When starting out in photography, there’s so much to learn: rules of composition, the exposure triangle, how to use and modify light etc. Additionally, there’s the whole discussion of equipment that can make you go cross eyed! Learning which lenses you should buy and how you should use them can take a lot of time. Thankfully, in this post you’ll learn what prime lenses you should buy for your Canon camera when starting out.

When I started out in photography, my wife bought me a Canon T3 with a kit lens. While the 18-55mm kit lens that came with my T3 was very versatile and just fine for getting started, I quickly learned that in order to take the kinds of photos I was dreaming of (something with creamy bokeh, great color, and edge to edge sharpness) I’d need some better lenses. In that mindset, I’ll recommend the three prime lenses I think every Canon shooter should buy when starting out. These lenses are great to get that professional feel without breaking your bank!

The Nifty 50 – Canon 50mm 1.8

[Related Reading: The Ultimate Portrait Kit For Canon | Must Have Lenses for Portrait Photography]

The Canon 50mm 1.8 is often referred to as “the nifty 50” for a good reason. It’s the best lens you can buy for $125, period. On a crop sensor it’s more like an 85mm lens on a full frame camera, but for the money you can’t beat it. It takes beautiful images with plenty of sharpness and enough bokeh to make you feel like a rockstar. The build quality isn’t that great, but you’re getting started so I wouldn’t worry about that at this point. If you’ve never taken photos with a prime lens with a wide aperture before, you’re never going to go back. More light + more bokeh = more fun! When you’re ready to upgrade, the Canon 50 1.4 is only $349 and gives you a little bit more of everything. It’s well built, gives you some extra light and beautiful bokeh.

Pros:

  • Nice bokeh
  • Great price
  • Extra light
  • Small
  • Light weight

Cons:

  • Not as sharp as it could be
  • Not as much bokeh as it’s f/1.2 cousin (but you probably don’t need that anyway)
  • A little loud when focusing
  • Not the best build quality

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Canon EF-S 35mm f2.8 Macro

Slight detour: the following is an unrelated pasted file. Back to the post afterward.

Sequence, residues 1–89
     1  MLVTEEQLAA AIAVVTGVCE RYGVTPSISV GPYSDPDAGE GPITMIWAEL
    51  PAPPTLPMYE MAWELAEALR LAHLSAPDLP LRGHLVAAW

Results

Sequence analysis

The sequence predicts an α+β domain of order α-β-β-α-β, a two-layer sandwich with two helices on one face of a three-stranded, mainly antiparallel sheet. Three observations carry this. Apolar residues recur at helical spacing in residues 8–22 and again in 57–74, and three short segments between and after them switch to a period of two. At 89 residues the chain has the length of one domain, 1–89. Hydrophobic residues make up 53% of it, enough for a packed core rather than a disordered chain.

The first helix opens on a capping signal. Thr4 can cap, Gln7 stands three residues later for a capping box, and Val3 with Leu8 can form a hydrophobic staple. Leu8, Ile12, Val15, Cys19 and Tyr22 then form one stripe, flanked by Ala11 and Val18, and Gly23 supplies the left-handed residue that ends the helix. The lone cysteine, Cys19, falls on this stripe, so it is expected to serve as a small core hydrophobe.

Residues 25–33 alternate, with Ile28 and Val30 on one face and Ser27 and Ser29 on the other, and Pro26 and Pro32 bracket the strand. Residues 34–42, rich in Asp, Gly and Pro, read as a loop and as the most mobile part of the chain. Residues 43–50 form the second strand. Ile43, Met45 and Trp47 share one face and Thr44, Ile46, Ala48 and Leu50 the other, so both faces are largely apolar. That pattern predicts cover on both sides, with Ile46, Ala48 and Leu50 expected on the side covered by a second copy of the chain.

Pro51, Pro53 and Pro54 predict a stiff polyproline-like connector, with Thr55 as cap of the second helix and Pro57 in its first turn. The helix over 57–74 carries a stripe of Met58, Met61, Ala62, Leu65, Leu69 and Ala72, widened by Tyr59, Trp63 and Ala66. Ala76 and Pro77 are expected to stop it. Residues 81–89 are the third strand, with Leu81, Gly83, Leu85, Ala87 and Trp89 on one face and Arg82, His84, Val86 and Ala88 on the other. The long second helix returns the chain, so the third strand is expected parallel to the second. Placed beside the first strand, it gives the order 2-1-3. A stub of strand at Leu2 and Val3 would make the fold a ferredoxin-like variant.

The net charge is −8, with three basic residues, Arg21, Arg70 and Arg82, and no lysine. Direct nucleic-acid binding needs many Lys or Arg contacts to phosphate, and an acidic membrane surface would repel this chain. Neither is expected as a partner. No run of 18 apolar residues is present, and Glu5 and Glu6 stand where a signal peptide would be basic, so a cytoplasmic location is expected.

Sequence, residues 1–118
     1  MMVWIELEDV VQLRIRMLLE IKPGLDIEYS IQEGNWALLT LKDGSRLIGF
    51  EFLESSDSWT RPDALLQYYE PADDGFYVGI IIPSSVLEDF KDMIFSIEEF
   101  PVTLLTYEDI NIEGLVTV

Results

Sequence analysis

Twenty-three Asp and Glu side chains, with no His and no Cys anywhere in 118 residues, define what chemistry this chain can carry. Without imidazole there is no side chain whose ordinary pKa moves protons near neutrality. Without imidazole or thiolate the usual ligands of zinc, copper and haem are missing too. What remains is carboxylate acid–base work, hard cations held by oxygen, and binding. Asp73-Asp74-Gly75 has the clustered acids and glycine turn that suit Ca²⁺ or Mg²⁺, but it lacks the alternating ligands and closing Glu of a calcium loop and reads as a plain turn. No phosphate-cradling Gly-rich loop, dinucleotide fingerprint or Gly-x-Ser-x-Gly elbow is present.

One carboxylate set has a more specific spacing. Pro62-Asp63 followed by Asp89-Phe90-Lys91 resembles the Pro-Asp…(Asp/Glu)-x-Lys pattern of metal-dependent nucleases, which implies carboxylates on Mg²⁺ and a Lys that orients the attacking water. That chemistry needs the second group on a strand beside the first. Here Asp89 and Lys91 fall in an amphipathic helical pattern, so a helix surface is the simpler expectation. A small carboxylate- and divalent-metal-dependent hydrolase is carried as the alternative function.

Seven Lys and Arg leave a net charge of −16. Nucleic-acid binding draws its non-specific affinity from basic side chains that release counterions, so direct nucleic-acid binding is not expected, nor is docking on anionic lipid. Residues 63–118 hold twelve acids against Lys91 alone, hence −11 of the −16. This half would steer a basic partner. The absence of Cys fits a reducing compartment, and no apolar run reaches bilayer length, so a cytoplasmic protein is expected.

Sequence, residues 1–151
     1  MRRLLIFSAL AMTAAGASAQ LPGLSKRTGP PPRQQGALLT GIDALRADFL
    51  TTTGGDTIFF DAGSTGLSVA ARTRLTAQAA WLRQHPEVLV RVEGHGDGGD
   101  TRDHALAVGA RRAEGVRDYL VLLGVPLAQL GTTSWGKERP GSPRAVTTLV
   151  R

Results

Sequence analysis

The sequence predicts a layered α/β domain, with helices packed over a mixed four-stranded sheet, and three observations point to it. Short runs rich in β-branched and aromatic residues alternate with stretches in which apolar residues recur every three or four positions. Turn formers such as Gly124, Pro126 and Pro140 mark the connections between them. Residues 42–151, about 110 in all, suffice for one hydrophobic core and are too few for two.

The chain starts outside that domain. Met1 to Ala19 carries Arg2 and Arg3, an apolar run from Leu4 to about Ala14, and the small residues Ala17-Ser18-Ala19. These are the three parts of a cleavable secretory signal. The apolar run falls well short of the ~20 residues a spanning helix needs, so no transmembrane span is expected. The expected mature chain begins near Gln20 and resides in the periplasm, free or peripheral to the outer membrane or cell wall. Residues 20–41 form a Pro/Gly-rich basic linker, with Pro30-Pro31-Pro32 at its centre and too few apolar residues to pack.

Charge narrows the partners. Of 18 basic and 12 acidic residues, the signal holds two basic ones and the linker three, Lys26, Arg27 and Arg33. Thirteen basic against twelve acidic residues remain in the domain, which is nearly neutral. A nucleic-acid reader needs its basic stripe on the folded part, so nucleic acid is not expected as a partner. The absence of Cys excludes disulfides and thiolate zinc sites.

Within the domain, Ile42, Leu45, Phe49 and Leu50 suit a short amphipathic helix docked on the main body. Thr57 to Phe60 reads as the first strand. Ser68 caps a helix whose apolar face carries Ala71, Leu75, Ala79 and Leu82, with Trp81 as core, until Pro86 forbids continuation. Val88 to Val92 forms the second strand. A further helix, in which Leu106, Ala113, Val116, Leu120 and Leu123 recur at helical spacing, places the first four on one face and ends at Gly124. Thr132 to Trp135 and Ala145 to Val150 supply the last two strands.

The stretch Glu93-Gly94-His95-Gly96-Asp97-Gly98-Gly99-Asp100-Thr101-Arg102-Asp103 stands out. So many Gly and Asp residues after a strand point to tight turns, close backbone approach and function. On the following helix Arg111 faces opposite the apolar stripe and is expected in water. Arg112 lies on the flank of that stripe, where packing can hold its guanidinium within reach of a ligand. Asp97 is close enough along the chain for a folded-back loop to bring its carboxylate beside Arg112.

The Canon EF-S 35mm 2.8 Macro is designed specifically for crop sensor cameras (which is what you most likely have). While it doesn’t have as wide open an aperture as the 50mm 1.8, it makes up for a lack of light input by providing macro capabilities. Do you like those pictures of bees really close up? That’s macro! With this lens you can get those close detail shots you’ve seen of wedding rings, flowers, or products like watches and jewelry. It also has image stabilization, so if your hands are a bit shaky or you want to shoot at lower shutter speeds, you can do it with this lens. Moreover, this lens falls rights in that middle focal range. You might call this one the goldilocks lens—it’s not too close and not too far. It’s a very versatile lens that you can use in almost any situation from street photography to portraits. While it’s not quite wide enough for most landscape work, or tight enough for headshots, it’s ideal if you’re just starting out and want to practice a little bit of everything. Finally, while it’s not as affordable as the nifty 50, at $299, it’s really reasonable. If the 50mm 1.8 wasn’t such a great lens overall, this is the prime lens that I’d recommend you get first.

Pros:

  • Very versatile
  • Sharp enough to cut a steak
  • Great price
  • Macro for close up shots
  • Light weight
  • Image stabilization

Cons:

  • Only 2.8 aperture
  • Build quality isn’t great

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Canon EF 85mm 1.8

[Related Reading: Top 5 Must Have Fujifilm X Lenses]

The Canon 85 1.8 is one of my all-time favorite lenses. At only $369 this thing is a steal for the quality of the images it produces. It’s so good that I sold my much more expensive 85mm in favor of this one. I love this lens because it’s lightweight, well built for a sub-$400 lens, and takes incredible images with excellent detail and smooth bokeh. If you’re looking to get into portrait work or headshots, you won’t go wrong with this lens. It’s a bit tight on a crop sensor camera (roughly equivalent to a 135mm lens on full frame), but if you’re ready to start taking photos of subjects that are a little farther away, or want to create some mind blowing portraits, this is the lens you’ll want first.

Pros:

  • Gorgeous bokeh
  • Very sharp!
  • Great price
  • Good build quality for the price
  • Quick auto-focus

Cons:

  • “Only” 1.8 aperture.
  • There’s not many negatives with this lens for the price.

Check Pricing and Availability Here

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Conclusion

Each of these lenses would provide an excellent foundation for a burgeoning Canon photographer. But remember that a camera and lens isn’t going to create great photos for you. They’re tools, not visionaries. When I started out, I got a few affordable lenses and spent most of my money on great educational resources from SLR Lounge. To learn more about how to take and edit amazing photos, check out our educational resources.